2011 August 03 • Wednesday
Here's a book I just read. The front and back covers describe it pretty well.
One of the things I like about the front cover is that it uses "singlehanded", not "singlehandedly". This is a point of grammar that has haunted me ever since I stumbled across a reference to it in Kingsley Amis's The King's English: A Guide to Modern Usage: "Some illiteracies are presented in the name of literacy, or at least of regularity and common sense. This is a popular one just now. Those who like to make words longer and more polysyllabic have not noticed or do not care that single-handed is already an adverb as well as an adjective …. When can we expect to see quitely? Altogetherly? What nextly?".
I also like that there is no space before the em-dash, but we'll save that for another day.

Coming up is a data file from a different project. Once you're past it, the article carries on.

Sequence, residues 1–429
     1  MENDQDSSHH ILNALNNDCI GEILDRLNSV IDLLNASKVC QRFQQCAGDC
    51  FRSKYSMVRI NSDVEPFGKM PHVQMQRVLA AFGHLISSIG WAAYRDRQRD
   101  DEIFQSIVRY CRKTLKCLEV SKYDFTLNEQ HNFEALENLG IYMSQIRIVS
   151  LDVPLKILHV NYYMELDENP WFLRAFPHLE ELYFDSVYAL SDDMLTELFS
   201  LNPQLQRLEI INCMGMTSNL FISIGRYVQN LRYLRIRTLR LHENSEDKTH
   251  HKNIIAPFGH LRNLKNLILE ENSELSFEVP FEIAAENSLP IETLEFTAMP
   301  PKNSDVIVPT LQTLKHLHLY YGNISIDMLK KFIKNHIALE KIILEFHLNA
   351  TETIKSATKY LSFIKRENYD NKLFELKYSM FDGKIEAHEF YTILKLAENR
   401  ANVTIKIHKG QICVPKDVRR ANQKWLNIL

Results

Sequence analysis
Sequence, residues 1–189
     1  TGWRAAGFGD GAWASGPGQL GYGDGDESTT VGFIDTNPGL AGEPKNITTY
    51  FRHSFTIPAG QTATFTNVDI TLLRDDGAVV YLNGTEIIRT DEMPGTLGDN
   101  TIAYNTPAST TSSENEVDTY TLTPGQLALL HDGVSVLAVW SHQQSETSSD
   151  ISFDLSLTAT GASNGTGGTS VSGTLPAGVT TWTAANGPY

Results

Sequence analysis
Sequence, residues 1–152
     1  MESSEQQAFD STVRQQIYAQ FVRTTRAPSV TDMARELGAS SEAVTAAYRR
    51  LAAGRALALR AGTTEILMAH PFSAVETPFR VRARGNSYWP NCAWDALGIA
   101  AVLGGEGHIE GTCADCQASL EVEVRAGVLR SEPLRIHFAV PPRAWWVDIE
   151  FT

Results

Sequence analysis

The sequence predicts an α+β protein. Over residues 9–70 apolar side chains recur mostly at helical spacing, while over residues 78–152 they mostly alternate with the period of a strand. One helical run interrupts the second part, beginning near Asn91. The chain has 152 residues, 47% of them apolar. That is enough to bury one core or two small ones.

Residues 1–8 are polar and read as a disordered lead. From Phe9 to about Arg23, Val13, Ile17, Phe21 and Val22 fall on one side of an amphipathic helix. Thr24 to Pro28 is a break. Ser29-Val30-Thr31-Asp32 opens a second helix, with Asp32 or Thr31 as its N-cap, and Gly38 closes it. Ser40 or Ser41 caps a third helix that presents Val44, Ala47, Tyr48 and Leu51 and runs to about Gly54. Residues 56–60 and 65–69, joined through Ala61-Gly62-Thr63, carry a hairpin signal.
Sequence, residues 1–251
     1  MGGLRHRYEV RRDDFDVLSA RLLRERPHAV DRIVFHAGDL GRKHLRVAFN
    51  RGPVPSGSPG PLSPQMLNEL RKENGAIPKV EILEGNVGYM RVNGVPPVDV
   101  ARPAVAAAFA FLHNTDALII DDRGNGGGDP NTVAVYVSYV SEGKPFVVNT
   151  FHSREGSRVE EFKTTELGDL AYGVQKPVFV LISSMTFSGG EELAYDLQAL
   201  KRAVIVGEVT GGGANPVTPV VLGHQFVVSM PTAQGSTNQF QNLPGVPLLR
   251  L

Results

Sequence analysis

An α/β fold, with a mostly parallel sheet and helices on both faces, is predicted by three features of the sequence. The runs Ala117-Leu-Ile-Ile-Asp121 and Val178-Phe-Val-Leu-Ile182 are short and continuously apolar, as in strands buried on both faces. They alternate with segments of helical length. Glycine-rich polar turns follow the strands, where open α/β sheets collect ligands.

The first line of Wasp is "He ambled into the room, sat in the indicated chair, and said nothing".
It's a surprisingly chaste book, without even a trace of sex or romance. In fact, there may not be more than one or two female characters, and they are walk-on parts.
At its best Wasp is a kind of sci-fi Mission: Impossible and slightly reminiscent of Rogue in Space and What Mad Universe, both by Fredric Brown.
The tone is mostly ironic. The planet of Jaimec is a more or less Soviet-style dictatorship, without a single admirable person, so the wasp's task is never morally complicated. Our Sirian enemies are shown to be disposable at best, vile at worst.
It moves very quickly and does a good job of impressing the reader with the constant fear and tension experienced by the main character.
The idea behind the book is rather timely, concerning a single terrorist who weakens a superpower simply by freaking it out and causing it to spend much of its vast resources on simple criminal acts.